Submitted to: Electronic Publication
Publication Type: Proceedings
Publication Acceptance Date: 3/13/2007
Publication Date: 6/1/2007
Publication URL: http://www.nfid.org/pdf/conferences/vaccine06abstracts.pdf
Citation: Plumb, G., Babiuk, L., Mazet, J., Olsen, S.C., Pastoret, P.P., Rupprecht, C., Slate, D. 2007. Vaccination in Conservation Medicine. Electronic Publication. Available: www.nfid.org/pdf/conferences/vaccine06abstracts.pdf Interpretive Summary: These social and population changes around the world are encroaching upon and threatening habitats of wildlife, including endangered species. These changes are increasing interactions of people with wildlife or semi-domestic animals which may harbor zoonotic diseases. Emerging human diseases are increasingly tied to transmission either directly or indirectly from wildlife reservoirs. Vaccination offers an opportunity for addressing emerging diseases in their host species. However, immunization of free-ranging wildlife offers numerous challenges and will probably require combination with other management strategies to maximum the benefits to public health and conservation medicine.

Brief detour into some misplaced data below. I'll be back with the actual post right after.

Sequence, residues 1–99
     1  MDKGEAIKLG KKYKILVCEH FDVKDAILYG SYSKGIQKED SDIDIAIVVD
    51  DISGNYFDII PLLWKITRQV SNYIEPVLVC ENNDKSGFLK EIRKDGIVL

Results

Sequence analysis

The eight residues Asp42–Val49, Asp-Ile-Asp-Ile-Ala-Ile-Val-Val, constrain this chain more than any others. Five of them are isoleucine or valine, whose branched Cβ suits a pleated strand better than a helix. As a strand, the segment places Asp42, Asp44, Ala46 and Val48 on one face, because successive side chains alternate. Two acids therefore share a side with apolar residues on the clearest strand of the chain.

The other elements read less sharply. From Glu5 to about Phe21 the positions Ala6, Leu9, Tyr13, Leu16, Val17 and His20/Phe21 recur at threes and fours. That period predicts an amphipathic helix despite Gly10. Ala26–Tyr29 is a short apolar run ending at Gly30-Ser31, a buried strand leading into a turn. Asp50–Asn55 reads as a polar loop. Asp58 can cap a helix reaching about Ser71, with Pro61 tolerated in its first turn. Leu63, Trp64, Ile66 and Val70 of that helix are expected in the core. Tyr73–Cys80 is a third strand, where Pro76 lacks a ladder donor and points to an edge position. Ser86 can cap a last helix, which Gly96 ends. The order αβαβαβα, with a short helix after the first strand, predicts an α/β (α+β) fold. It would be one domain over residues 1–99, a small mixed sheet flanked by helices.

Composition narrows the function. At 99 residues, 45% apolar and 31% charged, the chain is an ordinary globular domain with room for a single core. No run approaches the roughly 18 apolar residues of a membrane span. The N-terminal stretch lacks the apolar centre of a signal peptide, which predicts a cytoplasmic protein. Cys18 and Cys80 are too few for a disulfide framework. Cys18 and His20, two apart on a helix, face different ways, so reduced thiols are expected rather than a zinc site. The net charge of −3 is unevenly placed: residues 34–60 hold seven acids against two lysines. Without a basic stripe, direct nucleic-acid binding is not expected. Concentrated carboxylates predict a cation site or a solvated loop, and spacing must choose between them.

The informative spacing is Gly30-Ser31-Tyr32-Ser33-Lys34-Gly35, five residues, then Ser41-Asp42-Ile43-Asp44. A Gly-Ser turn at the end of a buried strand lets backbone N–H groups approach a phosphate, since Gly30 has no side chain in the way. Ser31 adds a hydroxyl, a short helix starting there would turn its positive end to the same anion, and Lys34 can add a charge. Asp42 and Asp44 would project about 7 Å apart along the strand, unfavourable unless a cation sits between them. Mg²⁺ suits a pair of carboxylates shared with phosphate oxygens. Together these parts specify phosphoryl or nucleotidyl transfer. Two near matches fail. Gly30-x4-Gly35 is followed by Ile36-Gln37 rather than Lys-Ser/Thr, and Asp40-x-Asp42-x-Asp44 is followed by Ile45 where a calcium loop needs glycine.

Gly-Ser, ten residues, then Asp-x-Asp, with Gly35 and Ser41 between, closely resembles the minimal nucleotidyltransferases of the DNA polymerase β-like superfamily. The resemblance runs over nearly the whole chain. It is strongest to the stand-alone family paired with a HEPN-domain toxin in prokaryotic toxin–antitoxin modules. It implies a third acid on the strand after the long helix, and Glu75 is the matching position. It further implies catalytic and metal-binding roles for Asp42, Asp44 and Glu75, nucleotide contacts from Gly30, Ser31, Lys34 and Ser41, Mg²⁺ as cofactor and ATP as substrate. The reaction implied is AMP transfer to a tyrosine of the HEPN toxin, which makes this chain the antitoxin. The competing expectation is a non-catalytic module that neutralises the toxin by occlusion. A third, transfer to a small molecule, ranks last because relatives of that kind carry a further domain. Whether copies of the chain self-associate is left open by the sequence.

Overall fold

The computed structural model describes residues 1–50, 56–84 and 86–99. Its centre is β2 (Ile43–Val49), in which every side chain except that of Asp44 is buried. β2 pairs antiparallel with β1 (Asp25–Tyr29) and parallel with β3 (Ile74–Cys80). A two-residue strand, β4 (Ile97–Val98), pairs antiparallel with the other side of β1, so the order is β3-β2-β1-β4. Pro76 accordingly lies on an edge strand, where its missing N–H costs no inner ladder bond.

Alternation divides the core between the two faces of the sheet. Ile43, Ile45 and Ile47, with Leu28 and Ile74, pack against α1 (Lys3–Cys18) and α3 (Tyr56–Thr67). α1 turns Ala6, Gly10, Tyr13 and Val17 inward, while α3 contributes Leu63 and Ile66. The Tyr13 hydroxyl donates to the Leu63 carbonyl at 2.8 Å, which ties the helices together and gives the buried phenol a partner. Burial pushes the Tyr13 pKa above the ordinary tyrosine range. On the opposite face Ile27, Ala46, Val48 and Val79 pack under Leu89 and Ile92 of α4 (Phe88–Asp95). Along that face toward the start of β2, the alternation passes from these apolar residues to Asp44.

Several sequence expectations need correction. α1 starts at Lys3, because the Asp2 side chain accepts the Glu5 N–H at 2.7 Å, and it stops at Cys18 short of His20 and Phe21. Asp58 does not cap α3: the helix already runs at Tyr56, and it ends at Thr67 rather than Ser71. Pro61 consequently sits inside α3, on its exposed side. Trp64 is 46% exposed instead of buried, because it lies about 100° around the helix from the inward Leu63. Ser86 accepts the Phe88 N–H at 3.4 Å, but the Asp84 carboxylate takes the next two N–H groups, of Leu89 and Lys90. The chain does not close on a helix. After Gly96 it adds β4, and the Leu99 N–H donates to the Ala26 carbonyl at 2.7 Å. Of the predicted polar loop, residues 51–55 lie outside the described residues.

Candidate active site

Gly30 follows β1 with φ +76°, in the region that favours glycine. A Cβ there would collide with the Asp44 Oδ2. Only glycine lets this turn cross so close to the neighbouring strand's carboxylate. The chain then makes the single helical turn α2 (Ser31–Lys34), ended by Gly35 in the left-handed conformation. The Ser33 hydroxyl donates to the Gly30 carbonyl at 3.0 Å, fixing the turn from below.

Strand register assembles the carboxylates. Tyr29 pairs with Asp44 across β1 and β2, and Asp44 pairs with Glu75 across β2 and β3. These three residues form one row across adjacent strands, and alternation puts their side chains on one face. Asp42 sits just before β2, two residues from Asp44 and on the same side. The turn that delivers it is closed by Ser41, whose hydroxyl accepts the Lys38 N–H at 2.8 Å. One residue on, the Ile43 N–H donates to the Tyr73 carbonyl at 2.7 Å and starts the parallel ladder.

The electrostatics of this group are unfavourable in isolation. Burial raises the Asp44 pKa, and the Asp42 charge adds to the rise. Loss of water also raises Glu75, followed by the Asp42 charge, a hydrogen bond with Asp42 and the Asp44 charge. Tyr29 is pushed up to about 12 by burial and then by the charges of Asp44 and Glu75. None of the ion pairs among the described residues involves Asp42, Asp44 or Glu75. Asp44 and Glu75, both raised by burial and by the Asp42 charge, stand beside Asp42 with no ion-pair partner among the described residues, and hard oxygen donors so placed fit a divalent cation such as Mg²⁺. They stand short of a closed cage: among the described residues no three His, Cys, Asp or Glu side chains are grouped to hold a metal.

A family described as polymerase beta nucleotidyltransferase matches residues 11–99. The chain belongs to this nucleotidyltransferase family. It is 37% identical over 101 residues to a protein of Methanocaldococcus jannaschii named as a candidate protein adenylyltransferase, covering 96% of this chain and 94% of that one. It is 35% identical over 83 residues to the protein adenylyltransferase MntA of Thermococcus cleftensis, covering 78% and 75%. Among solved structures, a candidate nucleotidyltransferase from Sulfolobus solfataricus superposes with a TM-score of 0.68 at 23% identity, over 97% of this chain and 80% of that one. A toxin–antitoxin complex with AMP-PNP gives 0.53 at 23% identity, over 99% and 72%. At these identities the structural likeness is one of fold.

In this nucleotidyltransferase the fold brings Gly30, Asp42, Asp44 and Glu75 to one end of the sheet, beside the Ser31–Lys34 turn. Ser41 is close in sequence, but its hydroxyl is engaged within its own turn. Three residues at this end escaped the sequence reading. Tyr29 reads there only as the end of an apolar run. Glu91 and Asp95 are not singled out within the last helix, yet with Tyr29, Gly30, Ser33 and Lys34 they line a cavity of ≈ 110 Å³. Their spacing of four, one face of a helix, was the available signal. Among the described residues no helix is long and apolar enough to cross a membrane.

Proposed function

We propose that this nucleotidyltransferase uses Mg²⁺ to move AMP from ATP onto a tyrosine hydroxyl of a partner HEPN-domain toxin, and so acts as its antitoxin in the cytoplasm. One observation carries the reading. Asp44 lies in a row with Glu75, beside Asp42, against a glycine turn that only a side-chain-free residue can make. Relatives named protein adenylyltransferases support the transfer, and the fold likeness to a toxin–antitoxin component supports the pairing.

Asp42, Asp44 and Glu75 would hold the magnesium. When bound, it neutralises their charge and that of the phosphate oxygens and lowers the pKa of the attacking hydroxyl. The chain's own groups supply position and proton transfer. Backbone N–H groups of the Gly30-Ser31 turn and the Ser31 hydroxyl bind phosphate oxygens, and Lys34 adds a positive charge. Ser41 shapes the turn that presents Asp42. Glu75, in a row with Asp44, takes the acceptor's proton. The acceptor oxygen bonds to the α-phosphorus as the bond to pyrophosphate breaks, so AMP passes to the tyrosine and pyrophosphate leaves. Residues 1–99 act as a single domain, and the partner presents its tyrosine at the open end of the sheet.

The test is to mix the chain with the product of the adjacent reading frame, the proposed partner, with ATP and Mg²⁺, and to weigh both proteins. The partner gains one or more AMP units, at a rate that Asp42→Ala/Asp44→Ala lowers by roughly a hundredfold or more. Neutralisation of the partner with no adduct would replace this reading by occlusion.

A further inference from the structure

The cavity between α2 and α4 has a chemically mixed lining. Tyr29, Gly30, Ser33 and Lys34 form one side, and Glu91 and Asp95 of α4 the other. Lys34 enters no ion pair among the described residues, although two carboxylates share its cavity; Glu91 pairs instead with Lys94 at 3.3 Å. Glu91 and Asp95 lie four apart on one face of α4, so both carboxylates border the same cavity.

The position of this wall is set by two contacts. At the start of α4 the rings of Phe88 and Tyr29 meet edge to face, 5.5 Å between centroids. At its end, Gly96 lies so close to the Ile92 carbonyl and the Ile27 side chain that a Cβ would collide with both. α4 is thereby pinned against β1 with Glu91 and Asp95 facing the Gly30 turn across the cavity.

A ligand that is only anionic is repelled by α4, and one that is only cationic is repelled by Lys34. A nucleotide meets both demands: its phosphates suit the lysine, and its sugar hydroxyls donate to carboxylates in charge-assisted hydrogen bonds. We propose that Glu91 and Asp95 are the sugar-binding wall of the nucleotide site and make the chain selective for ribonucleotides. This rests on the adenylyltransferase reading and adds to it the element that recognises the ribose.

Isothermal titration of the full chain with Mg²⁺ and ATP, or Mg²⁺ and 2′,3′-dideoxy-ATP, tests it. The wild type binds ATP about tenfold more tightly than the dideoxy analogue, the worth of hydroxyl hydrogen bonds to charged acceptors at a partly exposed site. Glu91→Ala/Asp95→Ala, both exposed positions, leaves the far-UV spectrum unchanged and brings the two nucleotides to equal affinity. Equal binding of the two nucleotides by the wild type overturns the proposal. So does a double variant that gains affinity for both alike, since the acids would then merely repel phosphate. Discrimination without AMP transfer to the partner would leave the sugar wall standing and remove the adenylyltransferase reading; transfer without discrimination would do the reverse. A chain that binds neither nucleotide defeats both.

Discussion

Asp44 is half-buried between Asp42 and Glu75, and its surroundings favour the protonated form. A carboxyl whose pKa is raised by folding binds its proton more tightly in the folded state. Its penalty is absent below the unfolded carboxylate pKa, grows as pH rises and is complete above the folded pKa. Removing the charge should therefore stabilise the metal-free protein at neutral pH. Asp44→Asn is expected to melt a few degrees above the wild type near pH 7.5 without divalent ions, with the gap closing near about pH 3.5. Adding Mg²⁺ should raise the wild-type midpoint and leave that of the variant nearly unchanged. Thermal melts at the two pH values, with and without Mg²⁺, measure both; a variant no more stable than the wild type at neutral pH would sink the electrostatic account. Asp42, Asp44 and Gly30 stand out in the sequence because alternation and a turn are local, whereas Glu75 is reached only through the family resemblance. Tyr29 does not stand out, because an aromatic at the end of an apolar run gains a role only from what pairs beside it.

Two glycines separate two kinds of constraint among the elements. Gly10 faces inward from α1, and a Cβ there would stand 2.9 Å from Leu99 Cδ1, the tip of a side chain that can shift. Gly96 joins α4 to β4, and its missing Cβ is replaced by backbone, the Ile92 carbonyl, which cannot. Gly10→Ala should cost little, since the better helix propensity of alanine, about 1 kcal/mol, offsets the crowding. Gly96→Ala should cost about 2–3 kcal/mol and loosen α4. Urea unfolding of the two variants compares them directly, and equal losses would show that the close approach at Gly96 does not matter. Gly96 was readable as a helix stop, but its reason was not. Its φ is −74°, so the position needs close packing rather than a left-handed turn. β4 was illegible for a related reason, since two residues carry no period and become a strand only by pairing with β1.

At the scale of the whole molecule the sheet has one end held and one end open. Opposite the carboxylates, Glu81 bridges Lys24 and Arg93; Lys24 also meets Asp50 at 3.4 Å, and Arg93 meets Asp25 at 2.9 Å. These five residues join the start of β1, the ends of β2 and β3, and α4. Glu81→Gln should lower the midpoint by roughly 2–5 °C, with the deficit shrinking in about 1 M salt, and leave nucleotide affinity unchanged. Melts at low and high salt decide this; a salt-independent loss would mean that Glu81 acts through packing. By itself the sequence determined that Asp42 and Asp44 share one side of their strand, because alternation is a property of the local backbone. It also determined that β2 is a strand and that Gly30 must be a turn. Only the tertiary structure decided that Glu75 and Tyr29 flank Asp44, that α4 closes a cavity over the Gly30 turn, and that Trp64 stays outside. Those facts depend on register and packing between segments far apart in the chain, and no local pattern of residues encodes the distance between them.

Technical Abstract: Unprecedented human population growth and anthropogenic environmental changes have resulted in increased numbers of people living in closer contact with more animals (wild, domestic, and peridomestic) than at any other time in history. Intimate linkage of human and animal health is not a new phenomenon. However, the global scope of contemporary zoonoses has no historical precedent. Indeed, most human infectious diseases classed as emerging are zoonotic, and many of these have spilled over from natural wildlife reservoirs into humans either directly or via domestic or peridomestic animals. Conservation medicine has recently emerged as a meaningful discipline to address the intersection of animal, human, and ecosystem health. Interest in the development of novel vaccines for wildlife encounters important challenges that may prevent progress beyond the conceptual phase. Although notable examples of successful wildlife immunization programmes exist, depending upon key considerations, vaccination may or may not prove to be effective in the field. When implemented, wildlife vaccination requires a combination of novel zoonosis pathogen management strategies and public education to balance conservation, economic, and public health issues.